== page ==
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decided: September 20, 1973.


Original jurisdiction in case of Commonwealth of Pennsylvania ex rel. Robert Powell v. Louis S. Aytch, Superintendent of Philadelphia Prisons, Philadelphia, Pennsylvania, and Pennsylvania Board of Probation and Parole.


Clarence A. Dickerson, with him Zack, Myers and Atkinson, for petitioner.

Marc Kapustin, Deputy Attorney General, with him Leonard Packel, Deputy Attorney General, for respondents.

President Judge Bowman and Judges Crumlish, Jr., Kramer, Wilkinson, Jr., Mencer, Rogers and Blatt. Opinion by Judge Blatt.

Author: Blatt

[ 10 Pa. Commw. Page 219]

On May 12, 1971, Robert Powell was released on parole after serving time in prison for burglary, larceny and receiving stolen goods. On April 25, 1972, he was arrested and subsequently indicted by federal authorities, charged with the interstate transportation of stolen property. Powell posted bond, was released on bail, and notified his parole agent of what had happened. Thereafter, on May 1, 1972, Powell was arrested by his parole agent and a detainer was lodged against him by the Board of Probation and Parole (Board). He was apparently charged with violating his parole conditions as a result of his arrest by federal authorities.

At an Executive Board meeting held on May 26, 1972, the Board ordered the return of Powell to prison, pending disposition of the criminal charges against him. On May 31, 1972, Powell was interviewed at Holmesburg Prison in the presence of his attorney by a representative of the Board. On June 12, 1972, at another Executive Board meeting, the Board "voted to detain Mr. Powell, pending disposition of criminal charges."*fn1 Powell was subsequently found guilty of the federal charges brought against him, and, on December 26, 1972, he was again interviewed by a representative of the Board. The sketchy record before this Court does not indicate what, if any, further action the Board took.

Powell has filed with this Court a Petition for Writ of Habeas Corpus,*fn2 to which the respondents have filed

[ 10 Pa. Commw. Page 220]

    a preliminary objection in the nature of a demurrer. We must dismiss that objection.

The meager record currently before us does not make clear whether Powell was simply being detained by the Board until his case was disposed of by federal authorities or if he was being recommitted as a technical parole violator pursuant to Section 21.1 of the Act of August 6, 1941, P.L. 861, as amended, 61 P.S. ยง 331.21a(b).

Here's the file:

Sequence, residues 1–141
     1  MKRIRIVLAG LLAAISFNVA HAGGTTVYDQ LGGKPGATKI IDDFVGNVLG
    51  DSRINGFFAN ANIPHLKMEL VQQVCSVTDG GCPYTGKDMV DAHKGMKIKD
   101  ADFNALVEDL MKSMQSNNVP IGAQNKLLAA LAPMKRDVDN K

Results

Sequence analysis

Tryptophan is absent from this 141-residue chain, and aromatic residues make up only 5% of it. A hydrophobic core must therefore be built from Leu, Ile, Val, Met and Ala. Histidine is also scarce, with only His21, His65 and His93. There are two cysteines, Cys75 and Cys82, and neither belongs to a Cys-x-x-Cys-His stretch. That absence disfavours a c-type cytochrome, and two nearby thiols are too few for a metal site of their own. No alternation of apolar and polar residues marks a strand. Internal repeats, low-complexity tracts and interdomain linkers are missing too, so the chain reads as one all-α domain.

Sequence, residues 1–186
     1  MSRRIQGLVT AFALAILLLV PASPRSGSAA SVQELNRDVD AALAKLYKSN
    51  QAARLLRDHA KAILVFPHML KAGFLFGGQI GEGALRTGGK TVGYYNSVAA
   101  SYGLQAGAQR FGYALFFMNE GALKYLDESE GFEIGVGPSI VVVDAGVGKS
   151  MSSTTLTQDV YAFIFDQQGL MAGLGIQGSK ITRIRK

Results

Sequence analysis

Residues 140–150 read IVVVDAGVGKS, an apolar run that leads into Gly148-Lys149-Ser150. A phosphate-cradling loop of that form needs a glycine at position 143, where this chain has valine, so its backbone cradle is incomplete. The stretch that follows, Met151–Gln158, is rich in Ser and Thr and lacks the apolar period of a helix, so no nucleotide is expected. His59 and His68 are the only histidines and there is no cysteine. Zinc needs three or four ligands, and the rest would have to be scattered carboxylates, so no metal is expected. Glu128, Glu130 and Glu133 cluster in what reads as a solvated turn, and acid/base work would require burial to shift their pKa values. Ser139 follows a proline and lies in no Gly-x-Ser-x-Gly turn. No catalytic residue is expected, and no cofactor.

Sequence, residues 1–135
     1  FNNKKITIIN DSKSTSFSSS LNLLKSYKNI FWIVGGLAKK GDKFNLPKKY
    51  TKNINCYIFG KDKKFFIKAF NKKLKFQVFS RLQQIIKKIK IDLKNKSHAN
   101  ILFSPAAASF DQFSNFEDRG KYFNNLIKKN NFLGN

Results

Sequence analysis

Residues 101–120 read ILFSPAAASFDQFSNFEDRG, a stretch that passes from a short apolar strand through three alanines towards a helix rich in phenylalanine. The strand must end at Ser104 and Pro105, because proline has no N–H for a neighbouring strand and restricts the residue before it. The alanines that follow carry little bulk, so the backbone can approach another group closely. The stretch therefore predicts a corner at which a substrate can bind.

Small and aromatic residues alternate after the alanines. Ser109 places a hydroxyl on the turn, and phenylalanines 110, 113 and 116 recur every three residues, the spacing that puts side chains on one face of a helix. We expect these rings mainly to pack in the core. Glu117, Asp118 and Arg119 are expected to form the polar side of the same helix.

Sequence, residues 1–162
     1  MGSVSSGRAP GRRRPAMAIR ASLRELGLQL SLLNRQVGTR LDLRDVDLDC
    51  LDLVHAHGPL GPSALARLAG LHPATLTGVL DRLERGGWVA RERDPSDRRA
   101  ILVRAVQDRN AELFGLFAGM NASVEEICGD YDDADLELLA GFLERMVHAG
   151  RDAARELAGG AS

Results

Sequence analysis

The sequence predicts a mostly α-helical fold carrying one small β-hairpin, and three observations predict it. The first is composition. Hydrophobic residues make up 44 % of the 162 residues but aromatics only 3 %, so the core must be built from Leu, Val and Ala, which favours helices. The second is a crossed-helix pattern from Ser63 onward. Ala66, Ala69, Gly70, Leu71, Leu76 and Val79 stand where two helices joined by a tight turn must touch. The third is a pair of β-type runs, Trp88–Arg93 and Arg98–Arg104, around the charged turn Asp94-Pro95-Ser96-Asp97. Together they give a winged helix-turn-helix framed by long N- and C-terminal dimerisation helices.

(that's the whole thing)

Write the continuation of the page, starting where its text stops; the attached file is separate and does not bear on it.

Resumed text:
The Petition filed by Powell certainly would indicate that he had been recommitted by the Board as a technical parole violator, for Paragraph 10 states that the Board "had made a determination to recommit Petitioner without the formal hearing wherein Petitioner would have the right to be present along with his attorney." On the other hand, the wording of the preliminary objection, the Certificate prepared by the Chairman of the Board and the brief filed on behalf of the Respondents would indicate that Powell has not been formally recommitted but was merely being detained.*fn3

For the purposes of this opinion, however, we must treat as true Powell's allegation that he has actually been recommitted by the Board, because the rule is clear that preliminary objections admit as true all facts which are well and clearly pleaded, even though not admitting the pleader's conclusions or averments of law. McIlvaine v. State Police, 3 Pa. Commonwealth Ct. 478 (1971). If, in subsequent proceedings, of course, it is determined that Powell was not in fact recommitted, the respondents can press their defense that the Board can detain a parolee charged with a new offense until such charges have been disposed of by the courts.

[ 10 Pa. Commw. Page 221]

Powell's essential contention is that he was denied a proper hearing prior to being recommitted, and certainly a technical parole violator is entitled to a hearing by the Board, with assistance of counsel, prior to recommitment. Commonwealth v. Tinson, 433 Pa. 328, 249 A.2d 549 (1969). Powell did have what arguably might have been considered a hearing, in the presence of counsel, with a representative of the Board, but the recent decision of our Supreme Court in Commonwealth ex rel. Rambeau v. Rundle, 455 Pa. 8, 314 A.2d 842 (1973), seems to require that any final hearing which orders a parolee recommitted must be before all of the members of the Board. Although Rambeau, supra, involved convicted, rather than technical, parole violators, the reasoning therein seems applicable to both.

It might also be reasonably argued, because of the heavy administrative burden which will thus otherwise be placed on the Board, that Rambeau, supra, should not be applied retroactively to recommitment hearings completed prior to its date of filing. The Supreme Court's recent decisions, however, in Commonwealth v. Riccobene, Pa. , 302 A.2d 843 (1973) and Commonwealth ex rel. Choice v. Brierley, 451 Pa. 577, 301 A.2d 372 (1973), seem to indicate that the decision must be applied retroactively, at least as to litigation already commenced prior to the date of the decision in Rambeau, supra.

We hold, therefore, that (all questions of jurisdiction aside) if Powell can prove that he was in fact recommitted as a technical parole violator without receiving a proper hearing, as provided in Tinson, supra, and Rambeau, supra, he would be entitled to appropriate relief. We, therefore, issue the following


Now, September 20, 1973, the preliminary objection of the respondents is dismissed and they are directed to file an answer to Powell's Petition within twenty (20) days after receipt of this Order.


Preliminary objections dismissed. Order to file answer issued.

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